The LCD-2C are terminated by a straight gold-plated 6.3mm (1/4″) plug. The size of the plug is absolutely massive, too, so I’d not worry about straining the jack. It’s worth also mentioning that the all-black cable is braided.
Audeze LCD-2C review: Design, looks, comfort and isolation
Audeze has gone for an all-black colour scheme. There’s nothing inherently wrong with the choice of colour, though, it doesn’t really excite me either. In comparison to my modded Denon headphones, I much prefer the look of wooden headphones – they’re just more aesthetically pleasing to my eyes.
As you’d expect from open-back headphones, the isolation is poor. So, if you have screaming kids or don’t want to hear the external environment, then these and all open-back headphones aren’t for you.
They also leak quite a lot of sound, too, so worth bearing in mind if you were looking to game at night, while your partner sleeps in the same room.
The headphones feature the much-loved Audeze suspension headband. Its goal is to make the headphones lighter on your head, while also spreading the load across the top of your head, rather than localising it into one place. Here, the headband does a magnificent job, but I can’t overlook the weight of the headphones (a figure Audeze somewhat conveniently lacks to state on its website).
These are heavy, and for long gaming or listening sessions, you’ll find the overall weight is somewhat uncomfortable. Heck, even around the ears, you feel the LCD-2C weighing down on you. So, even after Audeze’s best efforts, the use of an all-metal design and big-sized drivers, mean that the LCD-2C aren’t the most comfortable headphones I’ve tried. They’re literally the polar opposites to the Sennheiser HD800, and even my modded Denon AH-D2000 were a lot more comfortable.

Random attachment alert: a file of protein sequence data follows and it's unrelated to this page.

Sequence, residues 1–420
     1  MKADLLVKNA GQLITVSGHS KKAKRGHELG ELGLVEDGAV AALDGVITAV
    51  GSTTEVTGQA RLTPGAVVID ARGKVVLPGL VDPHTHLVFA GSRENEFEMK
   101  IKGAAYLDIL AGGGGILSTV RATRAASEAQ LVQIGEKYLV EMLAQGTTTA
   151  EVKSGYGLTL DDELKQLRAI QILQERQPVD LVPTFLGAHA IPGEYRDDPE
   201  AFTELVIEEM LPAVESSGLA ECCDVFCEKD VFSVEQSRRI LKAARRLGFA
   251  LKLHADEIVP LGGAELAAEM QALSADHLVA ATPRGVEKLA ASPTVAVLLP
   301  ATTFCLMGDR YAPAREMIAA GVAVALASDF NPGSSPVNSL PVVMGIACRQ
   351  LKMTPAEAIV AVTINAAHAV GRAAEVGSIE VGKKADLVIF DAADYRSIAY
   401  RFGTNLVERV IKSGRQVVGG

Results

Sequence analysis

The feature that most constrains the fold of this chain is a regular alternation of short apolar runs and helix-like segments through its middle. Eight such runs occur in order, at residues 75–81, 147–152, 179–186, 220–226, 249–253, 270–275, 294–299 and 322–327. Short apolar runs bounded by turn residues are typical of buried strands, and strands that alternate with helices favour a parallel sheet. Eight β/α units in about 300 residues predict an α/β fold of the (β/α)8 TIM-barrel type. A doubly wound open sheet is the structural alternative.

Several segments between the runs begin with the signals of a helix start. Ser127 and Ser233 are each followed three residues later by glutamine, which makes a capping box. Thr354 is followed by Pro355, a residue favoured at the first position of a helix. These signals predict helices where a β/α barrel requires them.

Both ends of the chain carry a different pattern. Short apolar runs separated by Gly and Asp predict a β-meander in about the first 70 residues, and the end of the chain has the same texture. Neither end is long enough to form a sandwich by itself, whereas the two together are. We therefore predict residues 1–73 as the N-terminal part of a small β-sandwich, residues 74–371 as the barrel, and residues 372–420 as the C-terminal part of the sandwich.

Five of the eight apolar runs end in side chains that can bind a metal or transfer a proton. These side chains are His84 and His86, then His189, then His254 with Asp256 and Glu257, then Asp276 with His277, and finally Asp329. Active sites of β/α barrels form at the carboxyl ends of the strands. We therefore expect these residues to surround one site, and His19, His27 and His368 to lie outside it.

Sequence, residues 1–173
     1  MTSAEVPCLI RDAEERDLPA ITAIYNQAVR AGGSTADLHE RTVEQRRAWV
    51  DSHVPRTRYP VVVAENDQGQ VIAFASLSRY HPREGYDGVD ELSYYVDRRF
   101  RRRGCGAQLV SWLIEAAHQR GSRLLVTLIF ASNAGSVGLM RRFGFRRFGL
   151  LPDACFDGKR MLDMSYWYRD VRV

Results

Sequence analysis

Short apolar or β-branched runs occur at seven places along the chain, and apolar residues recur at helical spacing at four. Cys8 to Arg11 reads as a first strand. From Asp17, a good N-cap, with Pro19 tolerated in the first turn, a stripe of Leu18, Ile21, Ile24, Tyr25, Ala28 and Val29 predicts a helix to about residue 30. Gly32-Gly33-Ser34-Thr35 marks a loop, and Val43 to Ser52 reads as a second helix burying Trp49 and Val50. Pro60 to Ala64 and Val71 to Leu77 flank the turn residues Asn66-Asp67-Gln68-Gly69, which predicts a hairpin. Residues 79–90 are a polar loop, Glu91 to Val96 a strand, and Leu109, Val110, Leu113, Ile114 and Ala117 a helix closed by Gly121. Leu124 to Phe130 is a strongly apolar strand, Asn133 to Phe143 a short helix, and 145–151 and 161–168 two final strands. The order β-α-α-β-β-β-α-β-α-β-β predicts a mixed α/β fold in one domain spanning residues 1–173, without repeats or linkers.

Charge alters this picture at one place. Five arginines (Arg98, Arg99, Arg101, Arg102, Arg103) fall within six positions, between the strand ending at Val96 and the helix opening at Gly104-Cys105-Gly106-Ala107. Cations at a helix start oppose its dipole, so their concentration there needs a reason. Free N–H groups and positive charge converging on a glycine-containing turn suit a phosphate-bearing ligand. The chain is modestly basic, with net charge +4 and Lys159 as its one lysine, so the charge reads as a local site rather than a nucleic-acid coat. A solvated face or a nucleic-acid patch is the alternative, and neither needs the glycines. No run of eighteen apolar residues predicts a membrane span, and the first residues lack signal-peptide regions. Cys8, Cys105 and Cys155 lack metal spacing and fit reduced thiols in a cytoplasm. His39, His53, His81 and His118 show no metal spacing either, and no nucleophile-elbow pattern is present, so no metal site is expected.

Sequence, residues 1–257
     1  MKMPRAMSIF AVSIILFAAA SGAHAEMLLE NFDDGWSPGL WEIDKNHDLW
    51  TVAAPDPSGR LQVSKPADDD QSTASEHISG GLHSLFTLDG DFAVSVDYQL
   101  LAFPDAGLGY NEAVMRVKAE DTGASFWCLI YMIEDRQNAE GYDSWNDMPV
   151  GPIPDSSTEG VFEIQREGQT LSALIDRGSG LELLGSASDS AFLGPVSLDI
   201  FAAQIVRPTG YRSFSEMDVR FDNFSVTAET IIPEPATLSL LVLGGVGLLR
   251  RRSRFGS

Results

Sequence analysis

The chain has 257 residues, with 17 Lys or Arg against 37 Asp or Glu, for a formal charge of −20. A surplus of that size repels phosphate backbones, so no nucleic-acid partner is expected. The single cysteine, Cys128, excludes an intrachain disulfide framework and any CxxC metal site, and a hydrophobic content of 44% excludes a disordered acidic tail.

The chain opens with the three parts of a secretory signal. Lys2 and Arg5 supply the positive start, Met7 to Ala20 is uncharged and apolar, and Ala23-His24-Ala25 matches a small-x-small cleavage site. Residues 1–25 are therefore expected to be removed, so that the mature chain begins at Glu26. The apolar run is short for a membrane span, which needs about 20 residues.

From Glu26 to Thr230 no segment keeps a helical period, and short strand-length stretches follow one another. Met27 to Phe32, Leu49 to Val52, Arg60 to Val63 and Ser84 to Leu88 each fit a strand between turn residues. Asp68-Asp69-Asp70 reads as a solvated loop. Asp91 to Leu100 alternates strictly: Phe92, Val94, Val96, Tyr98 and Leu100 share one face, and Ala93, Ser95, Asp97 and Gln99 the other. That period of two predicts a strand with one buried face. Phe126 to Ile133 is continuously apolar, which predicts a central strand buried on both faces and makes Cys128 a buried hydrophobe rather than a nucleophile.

On the plus side, the ear pads are thick, so it’ll sit snugly around your ears and provide a cushiony feel.
Audeze LCD-2C review: Sound quality
Onto the sound quality. Now, if you were looking for a detailed breakdown with the original Fazor (or pre-Fazor) LCD-2, you’ve come to the wrong person. Don’t get me wrong, I’ve heard most of Audeze’s range, but only in extended (private) listening sessions at shows. So, my recollection of the LCD range, let alone the LCD-2 wouldn’t be accurate. I can however, give you my subjective opinion of them.
To me, the overall sound presentation doesn’t sway off the ‘classic’ (pun intended) sound signature of the Audeze line. The LCD-2C has a warm sound signature, while also being a set of headphones that reveal plenty of detail. By far its most impressive trait is its soundstage, which is wide and reveals plenty of detail.
It’s worth pointing out that I ran the LCD-2C on my Denon AVR-X500 amp/receiver, while also doing some tests through my Chord Mojo. I had no problems driving these 70 ohms headphones.
Starting off with the bass, I found the LCD-2C to have a punchy mid-bass slam and a great extension into the sub-bass frequencies. This is somewhat of a rarity in open-back headphones, but not with Audeze headphones. The manufacturer seems to always deliver in this department. Here, the LCD-2C have a controlled mid-bass slam, while also revealing plenty of detail. Its sub-bass extension is impressive too, with plenty of rumble in low end frequencies, though, I do feel that there’s a slight cut-off at the lower-end spectrum.